Thank you so much for expressing that because my intention with this (and just about all my blog posts) is to have us look at and think about the things we commonly do without awareness–and adjust when necessary. And now I’m going to check out your blog post cuz that title definitely has my attention. ~Kathy

  6. Kathy,

    These are great tips. I think we do fall into the trap of comparing our holidays to previous memories to someone else’s version. Remembering to live in the present and relish what is now guides me in reveling in what is in front of me instead of longing for another alternative.
    Rudri Bhatt Patel recently posted…Watch The Whole World Around YouMy Profile

    • Hi Rudri! Thank you so much for stopping by SMART Living and joining the conversation. Isn’t comparison a tricky thing? I think when we are younger it is very tempting to create our holidays by what we see others doing but then hopefully after a while we start realizing what is important to us and create that. And as you say, living in the present is critical for knowing what is dear to us. Your website is a lovely example of staying true to yourself. Thanks again for your comment. ~Kathy

  7. Great suggestions to minimize the hecticness of hollidays. I think that there is such a hugh push to decorate, gift and spend, that it is easy ti feel discouraged and stressed. I have cute down on my decorating so that it does not take away from the fun and purpose of the holiday.
    Raquel recently posted…My New Makeup CrushMy Profile

    • Hi Raquel…Thanks for stopping by and joining the conversation. It’s great to hear that you too have been able to cut back on your decorating and perhaps some of the other hectic-ness of the holiday in order to better enjoy it. As I’ve said before, I think it helps when you’ve done it the opposite way and know the difference. ~Kathy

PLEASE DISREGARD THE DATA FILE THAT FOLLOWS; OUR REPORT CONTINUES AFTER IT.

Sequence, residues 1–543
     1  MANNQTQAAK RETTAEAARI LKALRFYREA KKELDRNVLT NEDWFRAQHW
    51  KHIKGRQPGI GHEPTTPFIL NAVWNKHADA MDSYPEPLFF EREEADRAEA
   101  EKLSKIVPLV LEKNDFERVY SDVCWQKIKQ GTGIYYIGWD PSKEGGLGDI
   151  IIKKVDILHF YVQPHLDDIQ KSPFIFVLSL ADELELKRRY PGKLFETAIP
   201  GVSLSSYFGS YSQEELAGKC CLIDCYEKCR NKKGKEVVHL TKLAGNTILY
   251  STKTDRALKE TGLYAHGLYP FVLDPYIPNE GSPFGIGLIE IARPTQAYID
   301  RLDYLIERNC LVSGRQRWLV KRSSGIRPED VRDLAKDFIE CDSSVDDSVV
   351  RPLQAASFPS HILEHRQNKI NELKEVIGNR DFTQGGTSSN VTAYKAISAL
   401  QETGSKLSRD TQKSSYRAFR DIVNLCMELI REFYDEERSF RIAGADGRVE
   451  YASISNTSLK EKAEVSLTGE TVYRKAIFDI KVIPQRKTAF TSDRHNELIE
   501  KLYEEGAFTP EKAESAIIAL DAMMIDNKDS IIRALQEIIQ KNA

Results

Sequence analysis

8. One of the great things about adult kids is you only have to get one great gift instead of lots of mediocre ones. I love your ideas about simplicity!
    Sharon Greenthal recently posted…The One Rule About Raising Children That MattersMy Profile

    • Hi Sharon! Thanks for stopping by. I imagine that the gift “thing” is much less complicated when your children are older. I also think that as we all (mid-lifers) get a little more experience under our belts that we also realize that the over-the-top spending for Christmas that we may have gotten into in the early 2000s was/is unsustainable for us and everyone else. I also like that happiness research now proves that people actually enjoy “experiences” more than stuff, so hopefully that tide is turning.~Kathy

  9. I loved every single one of your ideas on how to handle the holidays. Cutting back on the gifts is huge. Most of us don’t really need anything anyway, at least not in my house.